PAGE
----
A: None, sir.

Q: So, were you able to get the US$5,000.00 back?

A: No more, sir.

Q Now, when did you learn that the US$5,000.00 got lost?

A: On September 11 attack, we went to the office of Valbury Assets to hear some news and it was there that we learned that our money was already lost.

Q: From whom did you learn that your money was lost?

A: Thru Edgar Santias, Alex Sulit and George Gan, sir.

x x x x

A: I was told by Mr. Gan, Mr. Santias and Mr. Sulit to put additional money so that my account could be revived and I could recover.

Q: When you say you can recover, what were you supposed to recover?

A: That I give additional money so that they could trade again, sir.

Q: And, did you give additional investment?

A: Yes, sir.

Q: How much?

A: US$ 1,000.00, sir.

x x x x

Q: You went to the NBI, that's what you said earlier. What happened when you were at the NBI?

A: We talked and the NBI people planned to go to Valbury Assets to invest US$ 10,000.00, sir.

x x x x

A: We went to the office of Valbury Assets bringing with us $10,000.00 given by the NBI, sir.

Q: And what happened there, if any?

A: I endorsed it to Alex Sulit, sir.

Q: You endorsed what?

A: The money inside the envelope, sir.36

During Caridad Bueno's cross, re-direct, and re-cross examination:

Q: The question Ms. Witness is during the time that you were paying, was there any occasion that you talked or communicated with Mr. Sulit? During that time.

A: None sir but he was there.

Q: But was there any occasion when you had Mr. Sulit communicated with you other than that incident?

A: We were already in group when he needs us.

Q: Can you please be more specific what is this meeting you referred to?

A: When we encountered problems with our money that was the time we sent there in group because we have the same cases (sic).

Q: Can you remember that date and time?

A: October 2001.

Q: And what if any did Mr. Sulit tell your group?

A: What I could remember during our last group meeting, we were asked to invest US$10,000.00 so that we could recover our investment.

Q: Who specifically told you to invest more money?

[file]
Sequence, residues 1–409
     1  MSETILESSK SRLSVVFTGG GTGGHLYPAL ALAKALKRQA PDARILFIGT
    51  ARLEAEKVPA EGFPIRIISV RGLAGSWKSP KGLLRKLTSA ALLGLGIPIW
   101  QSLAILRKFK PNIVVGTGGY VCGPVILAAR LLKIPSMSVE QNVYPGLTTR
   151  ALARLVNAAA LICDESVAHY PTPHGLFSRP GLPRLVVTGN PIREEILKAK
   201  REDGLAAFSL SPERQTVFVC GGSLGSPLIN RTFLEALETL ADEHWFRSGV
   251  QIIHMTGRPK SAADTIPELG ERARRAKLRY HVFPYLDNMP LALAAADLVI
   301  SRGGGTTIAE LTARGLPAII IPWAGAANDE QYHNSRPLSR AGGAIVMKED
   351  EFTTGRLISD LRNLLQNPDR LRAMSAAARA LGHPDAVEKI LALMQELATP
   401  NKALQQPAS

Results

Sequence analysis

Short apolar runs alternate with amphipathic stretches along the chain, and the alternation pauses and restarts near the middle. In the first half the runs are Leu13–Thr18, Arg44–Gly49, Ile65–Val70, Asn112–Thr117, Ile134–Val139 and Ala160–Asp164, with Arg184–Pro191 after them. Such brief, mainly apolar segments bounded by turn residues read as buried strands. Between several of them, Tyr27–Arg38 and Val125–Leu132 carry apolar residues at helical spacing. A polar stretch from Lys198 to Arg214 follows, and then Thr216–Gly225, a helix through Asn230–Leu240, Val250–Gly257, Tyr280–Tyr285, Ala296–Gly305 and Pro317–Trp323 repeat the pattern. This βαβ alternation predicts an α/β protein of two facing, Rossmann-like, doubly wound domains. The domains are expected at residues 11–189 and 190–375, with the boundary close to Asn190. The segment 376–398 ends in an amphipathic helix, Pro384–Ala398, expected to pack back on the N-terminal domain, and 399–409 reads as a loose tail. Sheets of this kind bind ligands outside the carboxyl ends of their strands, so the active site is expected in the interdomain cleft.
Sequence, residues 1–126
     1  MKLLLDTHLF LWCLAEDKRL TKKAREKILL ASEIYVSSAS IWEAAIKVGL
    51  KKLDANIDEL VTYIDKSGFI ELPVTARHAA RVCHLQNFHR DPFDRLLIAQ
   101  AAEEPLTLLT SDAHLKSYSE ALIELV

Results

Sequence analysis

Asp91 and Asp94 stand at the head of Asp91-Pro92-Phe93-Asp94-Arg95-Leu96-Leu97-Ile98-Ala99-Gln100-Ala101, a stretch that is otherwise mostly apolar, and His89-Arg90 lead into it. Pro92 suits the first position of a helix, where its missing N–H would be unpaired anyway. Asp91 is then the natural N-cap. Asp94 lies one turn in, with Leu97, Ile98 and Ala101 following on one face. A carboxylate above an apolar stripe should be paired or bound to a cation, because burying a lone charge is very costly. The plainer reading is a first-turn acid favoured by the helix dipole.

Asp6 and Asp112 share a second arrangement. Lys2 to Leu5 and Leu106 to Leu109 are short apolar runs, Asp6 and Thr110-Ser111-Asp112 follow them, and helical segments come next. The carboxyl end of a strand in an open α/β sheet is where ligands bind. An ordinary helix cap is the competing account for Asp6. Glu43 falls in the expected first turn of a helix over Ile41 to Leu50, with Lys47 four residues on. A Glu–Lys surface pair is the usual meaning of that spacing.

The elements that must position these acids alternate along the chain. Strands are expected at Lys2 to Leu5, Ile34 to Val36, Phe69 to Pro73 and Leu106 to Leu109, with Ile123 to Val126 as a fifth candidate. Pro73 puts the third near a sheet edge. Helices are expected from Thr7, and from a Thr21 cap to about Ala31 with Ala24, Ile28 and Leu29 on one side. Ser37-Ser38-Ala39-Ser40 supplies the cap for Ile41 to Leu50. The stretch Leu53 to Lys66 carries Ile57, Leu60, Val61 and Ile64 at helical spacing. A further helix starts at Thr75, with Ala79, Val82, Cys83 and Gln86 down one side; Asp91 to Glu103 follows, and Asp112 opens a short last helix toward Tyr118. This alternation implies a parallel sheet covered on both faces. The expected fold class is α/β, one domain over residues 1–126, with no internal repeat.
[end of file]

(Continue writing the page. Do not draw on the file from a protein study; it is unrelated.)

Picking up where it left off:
A: They were (sic) three of them who were talking to us Sir.

Q: And who are these three persons?

A: Edgar Santias, George Gan and Alex Sulit.37 (Emphases supplied)

On Ma. Lita A. Bonsol

Q: It states here that what was received by Valbury Assets was 10,000 US Dollars, how much exactly did you give to Valbury Assets?

A: [P] 510,000.00 Sir

Q: Why is it stated that that it is 10,000 US dollars[?]

A: They converted the money into dollars Sir.

x x x x

Q: After you paid the said amount, what happened next if any?

A: We were asked to wait.

Q: Wait for what Ms. Witness?

A: To wait for the interest.

Q: And did he mention when will the interest is supposed to come?

A: That I wait for about two (2) weeks Sir.

Q: Who told you this Ms. Witness?

A: Edgar Santias Sir.

Q: Now, did the interest arrive?

A: No Sir.

Q: Now, at anytime, were you able to receive the said interest?

A: None Sir.

Q: So, what did you do if any when you did not received (sic) any interest?

A: They asked me to put additional money but I do not have money anymore [.]

x x x x

Q: When was this?

A: September 2001 Sir.

Q: Who actually told you that you should invest additional money?

A: Edgar Santias Sir.

Q: Aside from him, did he give any reason why you should give additional investment?

A: He told me that I should need additional money because he said that "naka-lock ang position".

Q: What was your understanding of that statement by Mr. Santias that "Naka-lock ang position"?

A: According to the explanation, I could not get the interest.

Q: Did you impure such additional funds?

A: No Sir.

Q: Since you did not receive any interest, what did you do if any?

A: We waited and called us for a meeting Sir.

Q: When you said they called you, who were called to that meeting?

A: Eliza Asuncion, Gloria Ilot, Caridad Bueno, Eliza Limson.

x x x x

Q: Who called for that meeting?

A: The president Mr. George Gan, Edgar Santias and Alex Sulit.

Q: Did that meeting pushed through? (sic)

A: Yes Sir.

x x x x

Q: Aside from the investors, who were there during the meeting?

A: George Gan, Alex Sulit and Edgar Santias.

Q: What happened during the meeting?

A: They told us that our money is already gone.

Q: When you said "nila or they" that your money is gone, who actually told you?